*Dozens of outgoing MPs (including some we are very happy to see go, i.e. [REDACTED] were eliminated at this stage, which suggests that you can’t always manipulate the results.
*Our sample was biased as we purposely went to areas where trouble was expected and/or stakes were high, so we likely observed a disproportionate amount of rigging, etc.
*With the recent passage of the Political Parties Bill, this is the last time that the party nomination process will be run by the parties themselves. In the future, the Electoral Commission of Kenya (ECK) will run it (at least, for all parties who want public money). PNU contracted with the ECK to run their primary this time, but it didn’t happen in practice–party leaders took over and wouldn’t let ECK do its job.
After the Primaries:
*We expect a lot of horse trading. Some winners were DQed on appeal and even without an appeal. There were also many “directed nominations,” which led to the resuscitation and handpicking of many old dinosaurs/unpopular incumbents notwithstanding voter opposition.
*There may be blowback with an impact on turnout for Dec. 27. There were widespread feelings of bitterness and disappointment, especially among ODM supporters, who expected to participate in a “new beginning.” Many people complained that, populist image notwithstanding, ODM is run like a dictatorship and that the way of doing things is no different than KANU used to do in the past. The positive difference is that the electorate is much more vocal and active in demanding transparency and participation in the electoral process. The howls of protest regarding some of the directed nominations show the electorate’s increasing maturity and lack of interest in this kind of politics.
*Many unsuccessful candidates have jumped to smaller/marginal parties. There is a cottage industry of sorts selling nominations.
Possible Impact on Main Parties:
*The disappointment and frustration with the nominating process was greatest among ODM supporters. Will this experience sap the energy of ODM supporters, or can ODM redeem itself? Will people continue to be willing to take a chance on an unknown quantity?
*Fear/stability is a powerful motivating factor in Kibaki’s reelection prospects. The contest between ODM and PNU can be characterized as “hope vs. fear.”
*PNU has much less internal discipline and message consistency. Virtually all PNU parties are fielding their own candidates for Parliamentary seats, so not much of a real coalition.
*Two possible types. One, aspirant (often incumbent) MPs use paid gangsters (and sometimes local police officials) to intimidate or disrupt the polling process (trash polling stations, threaten voters waiting in line and/or election officials). Two, spontaneous voter uprisings, where voters feel they are being disenfranchised and attach the presiding officers. If the ECK runs an efficient process as expected, this should lessen the possibility of voter violence. —–END—–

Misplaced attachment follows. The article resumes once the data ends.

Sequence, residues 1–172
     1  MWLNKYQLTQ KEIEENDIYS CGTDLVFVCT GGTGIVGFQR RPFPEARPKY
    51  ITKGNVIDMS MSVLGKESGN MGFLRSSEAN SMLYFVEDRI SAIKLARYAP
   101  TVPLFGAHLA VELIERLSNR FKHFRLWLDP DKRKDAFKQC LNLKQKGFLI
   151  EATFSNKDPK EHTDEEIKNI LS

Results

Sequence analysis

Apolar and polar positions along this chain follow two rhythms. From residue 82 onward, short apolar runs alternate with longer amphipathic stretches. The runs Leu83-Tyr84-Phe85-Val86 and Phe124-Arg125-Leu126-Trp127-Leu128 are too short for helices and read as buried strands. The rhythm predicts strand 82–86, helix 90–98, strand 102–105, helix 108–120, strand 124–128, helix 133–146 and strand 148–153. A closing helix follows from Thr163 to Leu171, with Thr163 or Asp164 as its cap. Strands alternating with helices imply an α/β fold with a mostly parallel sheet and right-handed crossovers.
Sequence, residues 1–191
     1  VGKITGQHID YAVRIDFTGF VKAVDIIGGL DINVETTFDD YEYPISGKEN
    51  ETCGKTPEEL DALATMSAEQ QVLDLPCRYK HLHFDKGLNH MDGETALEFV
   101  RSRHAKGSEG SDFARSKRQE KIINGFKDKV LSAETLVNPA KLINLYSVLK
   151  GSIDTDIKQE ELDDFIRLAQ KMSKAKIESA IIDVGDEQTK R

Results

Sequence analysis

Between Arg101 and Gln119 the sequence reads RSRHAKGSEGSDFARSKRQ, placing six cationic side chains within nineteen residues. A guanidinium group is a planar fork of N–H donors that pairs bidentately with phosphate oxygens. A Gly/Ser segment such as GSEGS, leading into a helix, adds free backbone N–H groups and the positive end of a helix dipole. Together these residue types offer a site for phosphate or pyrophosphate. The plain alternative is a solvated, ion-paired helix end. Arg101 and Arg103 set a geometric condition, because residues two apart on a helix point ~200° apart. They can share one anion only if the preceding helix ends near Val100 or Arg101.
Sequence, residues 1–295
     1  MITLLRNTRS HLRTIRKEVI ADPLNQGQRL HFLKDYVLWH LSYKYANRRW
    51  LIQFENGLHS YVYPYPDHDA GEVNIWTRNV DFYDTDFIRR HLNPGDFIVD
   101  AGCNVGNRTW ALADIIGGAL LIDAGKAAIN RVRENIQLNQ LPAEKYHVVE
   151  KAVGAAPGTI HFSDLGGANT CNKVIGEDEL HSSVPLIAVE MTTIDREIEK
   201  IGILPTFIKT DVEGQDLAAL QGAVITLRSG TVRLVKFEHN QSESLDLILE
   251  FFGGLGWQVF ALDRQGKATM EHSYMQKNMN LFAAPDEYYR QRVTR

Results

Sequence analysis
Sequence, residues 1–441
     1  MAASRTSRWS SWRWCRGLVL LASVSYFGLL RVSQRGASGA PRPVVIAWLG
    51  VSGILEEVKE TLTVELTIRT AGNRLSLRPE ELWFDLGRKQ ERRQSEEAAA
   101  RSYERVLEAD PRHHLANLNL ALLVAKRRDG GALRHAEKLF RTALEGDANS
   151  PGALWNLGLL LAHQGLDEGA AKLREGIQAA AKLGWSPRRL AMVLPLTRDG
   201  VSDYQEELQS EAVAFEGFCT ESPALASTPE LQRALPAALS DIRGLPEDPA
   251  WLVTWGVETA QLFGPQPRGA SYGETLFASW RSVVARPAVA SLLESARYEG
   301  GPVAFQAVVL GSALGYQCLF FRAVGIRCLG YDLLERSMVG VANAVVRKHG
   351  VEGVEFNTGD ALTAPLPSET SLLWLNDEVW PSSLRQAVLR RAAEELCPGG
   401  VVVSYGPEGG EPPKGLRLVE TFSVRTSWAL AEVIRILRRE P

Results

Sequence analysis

As I wrote in including this content in my 2012 post titled “Part Eight, new documents from FOIA: Diplomacy versus Assistance Revisited–why observe elections if we don’t tell people what we see?“:
For context, this November 20, 2007 summary of what was observed during the primary elections was roughly a month after the Ambassador’s intervention in the public opinion polling as described in previous documents and a month before the Ambassador’s public statement predicting a “free and fair” election the week before the general election. Nairobi is the State Department’s biggest Sub-Saharan post; it was staffed with smart and observant people and obviously well funded–the problem was not what the State Department did not know, rather it was what it would not say.
The fundamental premise of the Trump campaign was that if Americans would elect Trump he would switch sides and become a patriot, serving the nation to make it “great again” and serving some, albeit conspicuously not all, segments of Americans. He would, he claimed, do unto others on behalf of “us” what he had spent the first roughly seventy years of his life doing to more or less everyone he encountered regardless of creed.
Trump believed the polls well enough to recognize it was always a long shot, as ultimately reflected in his losing popular vote totals (the biggest total vote loss ever for an Electoral College winner, on low turnout). Not expecting to win, Trump did not take serious steps to prepare to actually enter public service or to game out his alternatives.